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What is Lissencephaly?


Complete agyria. Arrows indicate underdeveloped perisylvian region that creates characteristic figure eight appearance.

Lissencephaly (LIS), which literally means “smooth brain”, is a rare, genetic brain malformation characterized by the absence of normal convolutions (folds) in the cerebral cortex. It is caused by defective neuronal migration during the 12th and 14th week of gestation. The normal structure of the brain should have folds and grooves on the grey matter’s surface or on the cerebrum. However, during pregnancy the structure of the brain did not develop properly, resulting smooth surfaced brain structure. Lissencephaly encompasses a continuous spectrum of malformations from complete agyria (smoothness) to variable degrees of agyria and pachygyria, to subcortical band heterotopia (SBH). Lissencephaly may be associated with other diseases including Miller-Dieker syndrome (MDS), Muscle-eye-brain disease (MEB), and Walker-Warburg syndrome (WWS).

Classification and known presentations

The spectrum of lissencephaly is only now becoming more defined as neuroimaging and genetics have provided more insights into migration disorders. There are approximately 20 different types of lissencephaly which make up the spectrum:

Anterior predominant or diffuse classic (four-layered) LIS and SBH

Clinically defined with unknown cause


Normal cortical folds

  • Anterior predominant LIS with abrupt transition and cerebellar hypoplasia (previously LCHe)
  • Anterior predominant or diffuse LIS (ILS)

Clinically defined with AR inheritance

  • Anterior predominant LIS (ILS) with AR inheritance
  • Winter–Tsukahara syndrome (Levin et al., 1993)

Clinically defined with AD (new mutation) inheritance


LIS1 Lissencephaly. T1-weighted axial section showing a simplified gyral pattern and a thick cortex that is smooth, particularily in the posterior brain.

Posterior predominant or diffuse classic (four-layered) and two-layered (without cell-sparse zone) LIS and SBH
Clinically defined with unknown cause

  • Posterior predominant or diffuse LIS with brainstem and cerebellar hypoplasia, with/without ACC (includes former LCHa, LCHc, LCHd, LCHf (Ross et al., 2001))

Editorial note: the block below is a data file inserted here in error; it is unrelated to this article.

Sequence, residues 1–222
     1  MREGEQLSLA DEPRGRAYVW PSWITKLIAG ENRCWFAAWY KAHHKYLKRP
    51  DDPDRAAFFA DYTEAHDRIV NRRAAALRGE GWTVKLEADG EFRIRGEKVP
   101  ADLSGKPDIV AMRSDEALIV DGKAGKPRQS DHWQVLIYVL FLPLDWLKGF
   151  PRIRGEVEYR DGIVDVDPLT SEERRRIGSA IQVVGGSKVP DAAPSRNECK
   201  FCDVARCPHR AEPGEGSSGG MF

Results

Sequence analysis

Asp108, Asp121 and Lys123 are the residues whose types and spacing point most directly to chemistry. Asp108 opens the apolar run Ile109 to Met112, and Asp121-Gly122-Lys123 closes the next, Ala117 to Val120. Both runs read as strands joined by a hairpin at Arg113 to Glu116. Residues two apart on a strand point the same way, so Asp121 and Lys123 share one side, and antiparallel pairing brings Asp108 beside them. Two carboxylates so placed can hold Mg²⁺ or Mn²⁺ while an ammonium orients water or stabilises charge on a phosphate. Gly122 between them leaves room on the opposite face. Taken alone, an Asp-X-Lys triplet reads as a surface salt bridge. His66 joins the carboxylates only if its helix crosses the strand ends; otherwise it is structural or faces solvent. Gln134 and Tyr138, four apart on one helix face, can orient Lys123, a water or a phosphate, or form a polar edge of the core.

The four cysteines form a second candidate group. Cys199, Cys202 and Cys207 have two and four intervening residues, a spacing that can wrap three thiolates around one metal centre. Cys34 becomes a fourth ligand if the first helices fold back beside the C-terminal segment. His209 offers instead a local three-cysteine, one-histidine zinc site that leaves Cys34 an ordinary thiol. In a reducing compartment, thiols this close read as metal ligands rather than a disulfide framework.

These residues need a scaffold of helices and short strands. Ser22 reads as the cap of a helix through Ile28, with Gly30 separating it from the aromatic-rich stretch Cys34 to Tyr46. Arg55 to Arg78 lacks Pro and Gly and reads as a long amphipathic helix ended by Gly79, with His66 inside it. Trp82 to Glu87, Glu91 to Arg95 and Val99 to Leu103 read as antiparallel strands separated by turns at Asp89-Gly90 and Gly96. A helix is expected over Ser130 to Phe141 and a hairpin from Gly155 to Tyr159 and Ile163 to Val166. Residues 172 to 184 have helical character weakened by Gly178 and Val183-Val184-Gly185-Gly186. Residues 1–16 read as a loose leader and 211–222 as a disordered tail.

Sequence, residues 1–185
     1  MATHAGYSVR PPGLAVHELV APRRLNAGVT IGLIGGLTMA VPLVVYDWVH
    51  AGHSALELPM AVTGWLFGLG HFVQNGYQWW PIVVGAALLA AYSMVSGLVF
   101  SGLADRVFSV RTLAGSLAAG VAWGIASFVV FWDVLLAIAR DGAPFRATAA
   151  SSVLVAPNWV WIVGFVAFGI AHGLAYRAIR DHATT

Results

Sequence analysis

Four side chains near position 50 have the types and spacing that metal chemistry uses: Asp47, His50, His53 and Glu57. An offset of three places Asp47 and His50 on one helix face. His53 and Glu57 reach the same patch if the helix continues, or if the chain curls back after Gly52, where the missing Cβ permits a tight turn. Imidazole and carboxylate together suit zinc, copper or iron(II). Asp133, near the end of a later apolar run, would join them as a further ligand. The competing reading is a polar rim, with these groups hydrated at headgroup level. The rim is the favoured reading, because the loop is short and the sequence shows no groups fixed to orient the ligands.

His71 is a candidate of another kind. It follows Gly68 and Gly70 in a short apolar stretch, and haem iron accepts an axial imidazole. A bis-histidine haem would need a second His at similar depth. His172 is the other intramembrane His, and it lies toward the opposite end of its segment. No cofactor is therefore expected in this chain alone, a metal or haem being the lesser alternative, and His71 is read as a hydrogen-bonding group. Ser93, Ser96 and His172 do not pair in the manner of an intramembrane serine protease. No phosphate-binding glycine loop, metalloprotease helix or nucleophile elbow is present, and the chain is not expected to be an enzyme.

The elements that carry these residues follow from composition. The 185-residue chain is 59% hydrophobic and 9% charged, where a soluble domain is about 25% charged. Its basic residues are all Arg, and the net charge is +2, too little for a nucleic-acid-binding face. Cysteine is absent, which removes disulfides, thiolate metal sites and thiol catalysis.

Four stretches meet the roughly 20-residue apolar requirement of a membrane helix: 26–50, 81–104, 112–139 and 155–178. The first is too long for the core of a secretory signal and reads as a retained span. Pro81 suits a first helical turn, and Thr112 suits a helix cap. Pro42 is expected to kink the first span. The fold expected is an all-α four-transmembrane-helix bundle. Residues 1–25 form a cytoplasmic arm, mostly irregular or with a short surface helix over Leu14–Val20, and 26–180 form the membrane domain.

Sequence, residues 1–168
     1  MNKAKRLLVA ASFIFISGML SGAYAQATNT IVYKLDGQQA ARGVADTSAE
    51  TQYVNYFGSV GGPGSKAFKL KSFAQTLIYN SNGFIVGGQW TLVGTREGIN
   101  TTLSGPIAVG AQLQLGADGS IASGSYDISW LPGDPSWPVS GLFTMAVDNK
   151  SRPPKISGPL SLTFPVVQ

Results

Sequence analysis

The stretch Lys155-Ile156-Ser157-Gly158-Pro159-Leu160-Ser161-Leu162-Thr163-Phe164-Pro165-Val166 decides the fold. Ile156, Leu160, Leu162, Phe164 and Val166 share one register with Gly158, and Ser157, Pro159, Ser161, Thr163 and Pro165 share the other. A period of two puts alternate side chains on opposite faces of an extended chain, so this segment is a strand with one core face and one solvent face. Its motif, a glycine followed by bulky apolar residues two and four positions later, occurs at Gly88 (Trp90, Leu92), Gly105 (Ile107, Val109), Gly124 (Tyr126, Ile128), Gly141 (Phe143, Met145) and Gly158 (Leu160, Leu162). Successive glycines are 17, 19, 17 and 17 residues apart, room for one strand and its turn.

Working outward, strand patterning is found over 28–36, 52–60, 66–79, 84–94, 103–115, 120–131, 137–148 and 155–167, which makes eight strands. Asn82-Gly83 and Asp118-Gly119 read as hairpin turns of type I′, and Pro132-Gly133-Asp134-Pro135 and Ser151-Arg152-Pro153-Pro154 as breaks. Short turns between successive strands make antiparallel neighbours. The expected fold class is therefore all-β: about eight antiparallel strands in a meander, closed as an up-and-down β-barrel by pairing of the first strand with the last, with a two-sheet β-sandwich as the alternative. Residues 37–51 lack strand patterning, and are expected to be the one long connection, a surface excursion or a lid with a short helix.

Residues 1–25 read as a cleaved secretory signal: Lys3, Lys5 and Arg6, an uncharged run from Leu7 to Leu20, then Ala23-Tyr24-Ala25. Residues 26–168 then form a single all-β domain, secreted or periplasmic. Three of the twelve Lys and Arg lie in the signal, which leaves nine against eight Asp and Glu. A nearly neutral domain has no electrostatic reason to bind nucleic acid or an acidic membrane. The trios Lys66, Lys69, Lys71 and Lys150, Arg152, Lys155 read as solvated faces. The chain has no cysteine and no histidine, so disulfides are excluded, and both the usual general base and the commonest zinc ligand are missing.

• Posterior predominant or diffuse LIS (ILS) (Pilz et al., 1998,Dobyns et al., 1999)
  • Diffuse LIS with hair and nail anomalies (Celentano et al., 2006)
  • Perisylvian (central) pachygyria (ILS)
  • Ribbon like deep white matter heterotopia with/without ACC, thin overlying cortex

Clinically defined with AD inheritance

Genetically defined with AD inheritance (new mutation)


Axial T2-weighted showing complete agyria in the posterior, and near complete agyria in the anterior.

X-linked lissencephaly (three-layered, without cell-sparse zone) with callosal agenesis, ambiguous genitalia (XLAG)
Clinically defined with unknown cause

  • XLAG-like syndrome with temporal-posterior predominant LIS, ACC, microphthalmia and midline cleft lip and palate

  • XLAG with temporal-posterior predominant LIS and ACC with mutations in ARX at Xp22.13 (Bonneau et al., 2002)

Reelin-type LIS (inverted cortical lamination, without cell-sparse zone)
Clinically defined with AR inheritance

Genetically defined with AR inheritance

  • Frontal predominant mild LIS with severe hippocampal and CBLH with RELN mutation at 7q22 (Hong et al., 2000)

  • Frontal predominant mild LIS with severe hippocampal and CBLH with VLDLR mutation at 9p24 (Boycott et al., 2005)


Axial T2-weighted MRI showing anterior pachygyria and near complete posterior agyria in a 2 month old child. The cortex is thick, and a thin outer layer is separated by white matter from a broad layer of arrested neurons.

Variant LIS (other rare types exist but are poorly characterized)


Different systems for classifying lissencephaly exist. Another major distinction is “classic” (type I) vs. “cobblestone” (type II). OMIM numbers are shown below in red.

Classic lissencephaly (607432)

  • LIS1: due to PAFAH1B1 gene mutation, which subdivides into:
    •  type 1 isolated lissencephaly (601545)
    •  Miller-Dieker syndrome (247200)
  • LISX1: lissencephaly due to doublecortin (DCX) gene mutation (300121)
  • Lissencephaly, type 1, isolated, without other known genetic defects